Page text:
The central banks of the world have spoken: the dollar will not falter.
This has to be the interpretation of the November Treasury International Capital (TIC) report from the US Treasury released today. In November, official net purchases of US long-term securities jumped to $27.9bn after averaging just $16.1bn/mo. over the previous three months. Their purchase of treasuries shot up to $21bn (avg. $14bn in Aug-Oct) and of agency bonds up to $3.5bn (avg. $1.3bn in Aug-Oct). They even stepped into buying US equities to the tune of $1.5bn, the largest monthly purchase in nearly ten years.
But that's not all. Private capital (and central banks disguising their purchases) also gobbled up US securities in November. Overall net private purchases soared from $50.5bn in October to $71.8bn in November. The biggest gainer was equities; foreign capital bought $13.0bn of them in November, the biggest monthly purchase since January. No wonder the US stock market has been booming!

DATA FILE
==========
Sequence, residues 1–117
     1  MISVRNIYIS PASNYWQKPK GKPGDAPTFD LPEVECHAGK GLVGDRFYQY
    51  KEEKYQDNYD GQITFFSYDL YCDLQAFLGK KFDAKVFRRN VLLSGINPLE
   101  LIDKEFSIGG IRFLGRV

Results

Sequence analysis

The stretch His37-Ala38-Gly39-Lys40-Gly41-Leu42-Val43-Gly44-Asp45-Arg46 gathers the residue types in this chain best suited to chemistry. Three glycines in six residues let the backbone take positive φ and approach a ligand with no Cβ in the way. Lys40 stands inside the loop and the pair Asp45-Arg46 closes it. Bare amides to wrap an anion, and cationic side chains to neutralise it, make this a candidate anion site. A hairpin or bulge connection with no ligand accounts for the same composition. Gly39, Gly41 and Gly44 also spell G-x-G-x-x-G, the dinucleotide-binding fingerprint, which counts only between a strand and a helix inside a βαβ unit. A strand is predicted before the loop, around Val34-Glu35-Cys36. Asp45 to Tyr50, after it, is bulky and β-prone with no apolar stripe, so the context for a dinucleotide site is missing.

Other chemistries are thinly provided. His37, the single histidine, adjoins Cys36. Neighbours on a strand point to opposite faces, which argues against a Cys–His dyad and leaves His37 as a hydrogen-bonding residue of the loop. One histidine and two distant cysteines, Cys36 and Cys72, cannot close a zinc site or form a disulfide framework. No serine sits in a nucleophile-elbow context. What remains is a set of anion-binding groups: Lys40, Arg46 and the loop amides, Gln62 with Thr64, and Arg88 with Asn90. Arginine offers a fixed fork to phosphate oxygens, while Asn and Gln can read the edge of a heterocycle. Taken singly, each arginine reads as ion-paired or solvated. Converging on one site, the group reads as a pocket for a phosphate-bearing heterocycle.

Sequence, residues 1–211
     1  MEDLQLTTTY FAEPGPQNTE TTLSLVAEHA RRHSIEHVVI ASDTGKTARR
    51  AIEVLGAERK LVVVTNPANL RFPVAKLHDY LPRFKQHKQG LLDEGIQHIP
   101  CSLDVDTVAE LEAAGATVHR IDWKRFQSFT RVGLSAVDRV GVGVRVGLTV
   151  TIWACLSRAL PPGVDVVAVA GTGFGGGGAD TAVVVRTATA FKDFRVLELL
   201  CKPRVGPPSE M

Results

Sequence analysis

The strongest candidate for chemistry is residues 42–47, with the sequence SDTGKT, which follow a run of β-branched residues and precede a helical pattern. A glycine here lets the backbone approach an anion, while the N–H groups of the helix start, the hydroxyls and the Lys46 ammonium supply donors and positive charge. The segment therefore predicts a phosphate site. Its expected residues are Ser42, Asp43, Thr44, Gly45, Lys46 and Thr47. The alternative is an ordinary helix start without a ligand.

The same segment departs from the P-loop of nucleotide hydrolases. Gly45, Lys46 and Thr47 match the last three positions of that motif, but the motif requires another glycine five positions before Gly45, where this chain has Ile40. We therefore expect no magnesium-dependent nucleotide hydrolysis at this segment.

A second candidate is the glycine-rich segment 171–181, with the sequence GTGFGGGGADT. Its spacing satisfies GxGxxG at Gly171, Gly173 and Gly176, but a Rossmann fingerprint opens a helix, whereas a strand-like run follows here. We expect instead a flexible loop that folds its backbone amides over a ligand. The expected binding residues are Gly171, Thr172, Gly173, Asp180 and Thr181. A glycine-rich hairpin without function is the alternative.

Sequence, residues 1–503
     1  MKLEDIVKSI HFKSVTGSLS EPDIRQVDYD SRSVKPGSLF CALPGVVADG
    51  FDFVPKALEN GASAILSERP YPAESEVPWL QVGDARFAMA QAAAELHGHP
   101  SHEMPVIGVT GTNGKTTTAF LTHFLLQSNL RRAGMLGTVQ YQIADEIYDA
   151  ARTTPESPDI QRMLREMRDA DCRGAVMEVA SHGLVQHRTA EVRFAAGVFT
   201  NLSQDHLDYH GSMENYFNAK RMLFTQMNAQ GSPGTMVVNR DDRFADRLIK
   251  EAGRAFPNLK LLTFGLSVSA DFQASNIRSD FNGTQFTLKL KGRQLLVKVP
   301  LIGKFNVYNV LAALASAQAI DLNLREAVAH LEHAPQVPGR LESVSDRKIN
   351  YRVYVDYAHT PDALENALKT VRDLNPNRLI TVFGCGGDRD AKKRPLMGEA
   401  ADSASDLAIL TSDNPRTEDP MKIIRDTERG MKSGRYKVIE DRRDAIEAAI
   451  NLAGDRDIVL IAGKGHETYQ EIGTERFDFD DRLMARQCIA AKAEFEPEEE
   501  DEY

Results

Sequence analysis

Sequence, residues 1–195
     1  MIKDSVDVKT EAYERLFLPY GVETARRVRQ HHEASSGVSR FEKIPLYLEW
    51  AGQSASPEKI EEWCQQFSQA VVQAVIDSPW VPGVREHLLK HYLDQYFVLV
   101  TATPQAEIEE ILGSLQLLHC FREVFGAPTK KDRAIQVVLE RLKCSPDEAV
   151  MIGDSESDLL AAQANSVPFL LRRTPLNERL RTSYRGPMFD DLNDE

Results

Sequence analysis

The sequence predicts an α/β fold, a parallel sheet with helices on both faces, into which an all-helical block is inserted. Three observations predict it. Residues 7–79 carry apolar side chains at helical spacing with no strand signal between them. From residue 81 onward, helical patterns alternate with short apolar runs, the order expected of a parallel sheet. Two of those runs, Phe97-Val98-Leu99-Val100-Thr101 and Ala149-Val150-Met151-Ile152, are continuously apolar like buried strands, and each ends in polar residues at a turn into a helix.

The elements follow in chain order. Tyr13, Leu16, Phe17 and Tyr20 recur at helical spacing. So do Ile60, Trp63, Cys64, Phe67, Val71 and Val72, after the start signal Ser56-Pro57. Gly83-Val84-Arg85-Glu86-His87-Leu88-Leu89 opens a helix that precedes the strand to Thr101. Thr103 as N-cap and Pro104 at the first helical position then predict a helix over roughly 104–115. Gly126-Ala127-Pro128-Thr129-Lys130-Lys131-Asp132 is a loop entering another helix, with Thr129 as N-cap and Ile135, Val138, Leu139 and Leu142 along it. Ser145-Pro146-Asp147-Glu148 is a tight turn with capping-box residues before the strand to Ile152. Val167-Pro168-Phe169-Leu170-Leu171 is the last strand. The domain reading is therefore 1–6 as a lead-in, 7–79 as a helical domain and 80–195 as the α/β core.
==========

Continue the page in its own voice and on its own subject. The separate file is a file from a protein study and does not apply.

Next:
American capital continued fleeing the country, with net purchases of foreign securities hitting $18.7bn, continuing the ominous trend begun in October. However, because of the massive inflows, the net long-term flows figure for the month skyrocketed to $81.0bn. With figures like this, now a $60.3bn trade deficit for November looks like small potatoes. The US could have financed a deficit one-third higher!
For the twelve months through November, net long-term capital flows into the US stand at $827.8bn. The trade deficit over the same period is a "mere" $561.3bn. At this rate, the US could have "afforded" a current account deficit of 7% of GDP for 2004.
I say let's go for it in 2005! Don't let nothin' hold us back!